The entire research endeavor is based upon the support of patients. By consenting to provide tumor specimens, patients jumpstart the entire process of developing biobanks, animal models and cell lines – the building blocks upon which improved therapies may be discovered. Indeed, tumor donations permit patients to take an active role in eventually helping other patients – and perhaps themselves.
For more information on how patients may donate tumor specimens, please click here.
Biobanks and Patient Databases
Biobanks are crucial to the research endeavor in two ways. First, they provide the essential inputs for genomic studies that discover diagnostic, prognostic and therapeutic biomarkers. Second, if combined with patient records, they provide an invaluable resource from which to undertake correlative studies on patient outcomes.
ACCRF has supported both M.D. Anderson and the University of Virginia with funds for Lab Technicians to harvest, process and distribute ACC samples. These biobanking efforts later flourished with the guidance and support of the National Institute of Dental and Craniofacial Research (NIDCR). An additional six academic medical centers joined forces to create the Salivary Gland Tumor Biorepository (SGTB), a shared resource for researchers around the globe with an interest in salivary gland cancers.
Model Development (Cell Lines and Animal Models)
Cell lines (human tumor cells grown in dishes) are helpful to researchers in understanding the basic biology of a disease as well as for the initial screening of drugs. Unfortunately, researchers have found it very difficult to create ACC cell lines. The few cell lines that were purported to have been derived from ACC tumors have been found to be cross-contaminated, making them invalid models. ACCRF has supported several institutions trying varied approaches to cell line development and will facilitate the sharing of the resources when successfully developed.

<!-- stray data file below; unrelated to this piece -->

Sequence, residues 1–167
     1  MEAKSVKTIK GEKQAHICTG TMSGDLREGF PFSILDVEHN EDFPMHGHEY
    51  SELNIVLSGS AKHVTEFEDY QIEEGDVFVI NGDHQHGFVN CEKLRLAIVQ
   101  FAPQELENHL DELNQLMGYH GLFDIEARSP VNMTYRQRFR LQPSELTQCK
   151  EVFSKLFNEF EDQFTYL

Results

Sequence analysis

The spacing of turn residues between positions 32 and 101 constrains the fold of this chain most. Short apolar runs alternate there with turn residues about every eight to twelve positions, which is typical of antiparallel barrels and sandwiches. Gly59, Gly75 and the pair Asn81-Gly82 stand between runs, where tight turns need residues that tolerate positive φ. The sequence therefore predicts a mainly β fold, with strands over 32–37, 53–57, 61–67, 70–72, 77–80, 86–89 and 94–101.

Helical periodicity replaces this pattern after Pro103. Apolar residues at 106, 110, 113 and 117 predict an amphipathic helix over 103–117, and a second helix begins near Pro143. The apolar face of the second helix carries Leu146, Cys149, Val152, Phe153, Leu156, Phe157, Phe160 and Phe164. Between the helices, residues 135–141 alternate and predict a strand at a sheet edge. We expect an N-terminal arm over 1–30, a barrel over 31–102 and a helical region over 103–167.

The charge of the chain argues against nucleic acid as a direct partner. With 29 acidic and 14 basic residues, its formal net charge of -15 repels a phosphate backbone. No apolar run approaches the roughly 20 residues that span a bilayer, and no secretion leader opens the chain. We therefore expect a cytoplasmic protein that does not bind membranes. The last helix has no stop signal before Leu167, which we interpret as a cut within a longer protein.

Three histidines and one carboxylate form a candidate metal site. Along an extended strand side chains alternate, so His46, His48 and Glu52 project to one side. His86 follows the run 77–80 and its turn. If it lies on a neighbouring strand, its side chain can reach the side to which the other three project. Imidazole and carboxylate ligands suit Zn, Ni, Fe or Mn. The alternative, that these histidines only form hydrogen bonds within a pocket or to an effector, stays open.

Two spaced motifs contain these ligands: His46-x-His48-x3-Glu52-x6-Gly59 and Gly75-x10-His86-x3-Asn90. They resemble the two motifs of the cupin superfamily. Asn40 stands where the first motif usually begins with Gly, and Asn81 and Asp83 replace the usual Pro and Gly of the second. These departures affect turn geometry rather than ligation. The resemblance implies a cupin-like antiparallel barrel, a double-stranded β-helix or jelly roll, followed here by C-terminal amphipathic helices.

Patient-derived xenografts are mouse models with implanted human tumors. They help researchers better understand the mechanisms of action, effectiveness, dosing and toxicity of new drugs. In addition, they provide plentiful fresh tumor for genomic studies and may facilitate the creation of new cell lines. ACCRF has supported a few institutions to develop xenografts, with the University of Virginia having been the most successful with nearly 20 models created.
Transgenic mouse models involve the alteration and control of specific genes to understand tumor initiation and progression. They also may be very useful in screening drugs. ACCRF has supported efforts at the Dana-Farber Cancer Institute and the University of Virginia to develop such models, while NIDCR is supporting another effort at the M.D. Anderson.
ACCRF is committed to making as many models available to researchers as soon as possible. However, it is important that the models are validated and well characterized before they are distributed. Accordingly, ACCRF is working to ensure the quality control of ACC cell lines and mouse models used by affiliated researchers.
For more information on ACC cell lines and patient-derived xenografts, see Specimens and Models.
Basic Research (Biomarker Identification and Validation)
Cancer is a genetic disease. However, there are many different types of genetic alterations that may lead to cancer and the complexity is daunting. Fortunately, technological advances are permitting high-throughput analysis of many of these genetic alterations at a reasonable cost. It is crucial to identify the genetic alterations and their mechanisms of action in order to understand how to recognize, predict and interfere with the disease process.